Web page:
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PETA urges National Green Tribunal to ban deadly kite-flying string 'manja'
People for the Ethical Treatment of Animals (PETA) India filed a petition, urging the National Green Tribunal (NGT) to ban all forms of the sharp kite-flying strings called manja nationwide, as it is often coated with glass, metal, or other sharp objects and poses a lethal threat to humans and animals alike.
In July 2016, a man died in Ghaziabad after his throat was slashed by manja while he was riding a motorbike. In August 2015, a man in East Delhi died after his throat was slit by manja while he was returning home on his motorbike. In 2015, a 5-year-old boy died after his throat was slashed by manja in Chennai while he was riding with his father on a motorbike.

Thousands of birds are also killed every year when they are cut or trapped by manja, which can get caught on trees or buildings for weeks. A bird rescuer in Ahmedabad estimates that 2,000 birds - including pigeons and endangered species such as vultures - are injured every year during the city's Uttarayan festival, and 500 of them die from their injuries.

According to estimates, more than 300 birds were injured and over 100 died because of manja during Makar Sankranti in Hyderabad in 2015. These are just a few examples of the death and suffering caused by manja.

"Manja is a menace to public safety, posing a life-threatening risk to humans and birds alike," said PETA India Government Affairs Liaison Nikunj Sharma.

"PETA India is calling on authorities to make kite-flying enjoyable and safe for everyone by banning manja from the activity," Sharma added.

Manja also causes expensive blackouts and electrocutes kite flyers. According to Delhi power company BSES, a single incident involving a kite near an electrical establishment can affect up to 10,000 customers.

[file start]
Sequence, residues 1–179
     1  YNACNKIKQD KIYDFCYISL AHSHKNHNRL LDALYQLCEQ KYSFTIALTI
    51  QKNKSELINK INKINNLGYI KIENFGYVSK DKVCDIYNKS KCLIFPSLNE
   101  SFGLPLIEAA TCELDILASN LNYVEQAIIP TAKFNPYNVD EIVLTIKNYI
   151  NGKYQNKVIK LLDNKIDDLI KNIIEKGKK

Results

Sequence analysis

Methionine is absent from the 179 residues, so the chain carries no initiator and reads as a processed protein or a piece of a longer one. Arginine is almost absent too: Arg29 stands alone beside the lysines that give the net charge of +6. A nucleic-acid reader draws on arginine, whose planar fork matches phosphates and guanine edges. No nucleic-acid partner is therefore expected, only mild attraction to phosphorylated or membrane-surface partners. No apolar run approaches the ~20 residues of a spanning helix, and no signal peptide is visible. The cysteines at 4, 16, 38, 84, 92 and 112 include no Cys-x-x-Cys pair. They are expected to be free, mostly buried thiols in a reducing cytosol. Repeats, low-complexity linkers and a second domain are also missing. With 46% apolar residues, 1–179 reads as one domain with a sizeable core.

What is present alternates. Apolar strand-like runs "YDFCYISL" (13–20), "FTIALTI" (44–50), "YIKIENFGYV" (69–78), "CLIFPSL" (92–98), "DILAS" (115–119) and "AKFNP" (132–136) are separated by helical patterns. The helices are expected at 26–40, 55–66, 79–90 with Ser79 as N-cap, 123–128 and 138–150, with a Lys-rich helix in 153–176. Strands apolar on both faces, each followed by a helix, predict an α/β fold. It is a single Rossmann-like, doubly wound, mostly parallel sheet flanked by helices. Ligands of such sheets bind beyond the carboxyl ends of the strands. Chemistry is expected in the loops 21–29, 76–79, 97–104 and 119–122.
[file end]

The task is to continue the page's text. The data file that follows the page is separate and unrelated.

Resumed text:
Several top power companies, such as Reliance Power and Tata Power, have time and again issued advisories urging people not to fly kites near electrical establishments. Mukesh Patel was only 13 years old when he sustained burns over 95 per cent of his body when his kite hit a power line in Mumbai.

Manja made of synthetic material such as nylon is also non-biodegradable - it litters the soil and chokes drainage lines, sewer systems, and natural waterways.

Citing the dangers manja poses to humans, birds, and the environment, the High Courts of Rajasthan, Allahabad, and Jammu and Kashmir have already banned the use of manja in their respective states.

Many other states and district administrations - including Amritsar, Andhra Pradesh, Chennai, Gujarat, Indore, Karnataka, Maharashtra, Telangana, South West Delhi, and the Gandhi Nagar subdivision of East Delhi - have also taken steps to ban the production, sale, stocking, and use of manja.

The Ministry of Environment, Forest and Climate Change has also issued an advisory to all States and Union Territories asking them to address the manja threat, and the Animal Welfare Board of India has also urged them to ban manja.

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